Cassini images of polar hexagon as mission nears end.

The Endgame at Saturn Begins

The Endgame at Saturn Begins

Bad Astronomy
The entire universe in blog form
Dec. 12 2016 8:45 AM

The Endgame at Saturn Begins

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Storms at the north pole of Saturn pop into view as Cassini passed over them.

NASA/JPL-Caltech/Space Science Institute

The Cassini spacecraft has been orbiting Saturn since 2004, and is one of the most successful missions NASA has ever done. We’ve learned vast amounts of knowledge about the gigantic planet, its moons, and its rings.

Phil Plait Phil Plait

Phil Plait writes Slate’s Bad Astronomy blog and is an astronomer, public speaker, science evangelizer, and author of Death From the Skies!  

But all good things … after more than a decade of Cassini sending back data and devastatingly beautiful images, NASA has decided to end the mission. With its final days approaching, NASA has decided to take more chances with it. The spacecraft has been sent into a series of risky trajectories, passing over Saturn’s north pole, then diving through the ring plane just outside the rings. These will be the closest approaches to the rings since Cassini first arrived at Saturn.

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The new orbits started on Nov. 30, and a few days later Cassini passed over Saturn’s pole. The image above, taken on Dec. 3, shows amazing and lovely detail there. The dark oval is a storm over 2000 kilometers across—if it were placed over the U.S. it would stretch from California nearly to Missouri!

You can also see three sides of the famous hexagonal weather pattern, too, each eerily straight and connected by a soft vertex. This is a natural outcome of winds blowing on a spinning planet; we see such patterns (called Rossby waves) on other planets and even on Earth. The entire hexagon is a staggering 20,000 km across! Each side of it is about the same size as Earth itself.

Saturn pole
Four views of Saturn's north pole using four different filters: violet (upper left), red (upper right), near infrared (lower right), infrared (lower left).

NASA/JPL-Caltech/Space Science Institute

This collage shows four images of Saturn’s pole taken using different filters. Each shows different aspects of the clouds. For example, the upper left image shows violet light. That color is easily absorbed by clouds, so what you’re seeing there is just the cloud tops. Saturn has haze above its clouds, but redder light can penetrate it, so the upper-right shot, taken using a red filter, shows more details in the clouds.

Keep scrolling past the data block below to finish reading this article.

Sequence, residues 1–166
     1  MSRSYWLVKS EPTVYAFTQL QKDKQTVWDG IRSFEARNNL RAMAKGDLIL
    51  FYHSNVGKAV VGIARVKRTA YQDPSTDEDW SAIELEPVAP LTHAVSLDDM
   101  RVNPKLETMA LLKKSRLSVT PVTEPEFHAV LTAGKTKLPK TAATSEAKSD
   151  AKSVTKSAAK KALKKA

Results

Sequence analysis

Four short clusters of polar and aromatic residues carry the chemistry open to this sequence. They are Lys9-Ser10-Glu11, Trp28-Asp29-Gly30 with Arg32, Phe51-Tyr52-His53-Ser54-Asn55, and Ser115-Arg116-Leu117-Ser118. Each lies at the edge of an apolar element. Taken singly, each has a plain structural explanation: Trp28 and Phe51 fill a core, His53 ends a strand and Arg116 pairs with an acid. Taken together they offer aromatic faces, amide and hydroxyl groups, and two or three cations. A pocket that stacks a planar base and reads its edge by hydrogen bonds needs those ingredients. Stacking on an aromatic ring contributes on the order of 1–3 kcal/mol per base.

The lower-right image was taken in the near infrared (at 728 nanometers if you’re curious), outside what our eyes can see, and shows the location of methane gas. Finally, the lower left shot is in the infrared proper (938 nm), where methane is transparent so we see even deeper into the clouds.

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All of these images can be used by planetary scientists to better understand what Saturn’s complex atmosphere is doing. How does the temperature and wind speed change with height? What about the chemical composition, and how the winds interact? By studying the planet using different filters, we learn more about what makes Saturn tick. And the more we learn about that, the more we can know about our own planet, how it’s similar to Saturn (like our jet stream flow) and how it differs.

Cassini flew past Saturn’s rings again just Sunday and hopefully we’ll see that data soon. There will be a total of 20 such orbits, each taking a week. In April, Cassini will make a close flyby of Saturn’s enormous moon Titan, and engineers have designed the trajectory to utilize Titan’s gravity to change the spacecraft’s path, sending it on the riskiest maneuver yet: It will plunge in between Saturn itself and the inner rings, just a couple of thousand kilometers above the cloud tops!

Then there will be one final event. After 22 such short orbits, Cassini will plunge into the planet’s atmosphere, burning up. That will ensure it doesn’t crash into the moons, possibly contaminating them, and will also give us a last few bits of data on Saturn’s upper atmosphere. Even in its last seconds Cassini will continue to do its job, as it has so dutifully these past 12 years.

While bittersweet, it will be a fitting end to this amazing mission. But there’s still much to do between now and then, and much for this intrepid machine to see.